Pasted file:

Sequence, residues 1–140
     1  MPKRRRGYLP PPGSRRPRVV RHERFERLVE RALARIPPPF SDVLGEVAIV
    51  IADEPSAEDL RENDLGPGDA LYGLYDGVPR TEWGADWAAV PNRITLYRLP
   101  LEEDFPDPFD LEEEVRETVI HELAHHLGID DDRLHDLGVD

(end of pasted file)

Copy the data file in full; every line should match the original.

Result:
Sequence, residues 1–140
     1  MPKRRRGYLP PPGSRRPRVV RHERFERLVE RALARIPPPF SDVLGEVAIV
    51  IADEPSAEDL RENDLGPGDA LYGLYDGVPR TEWGADWAAV PNRITLYRLP
   101  LEEDFPDPFD LEEEVRETVI HELAHHLGID DDRLHDLGVD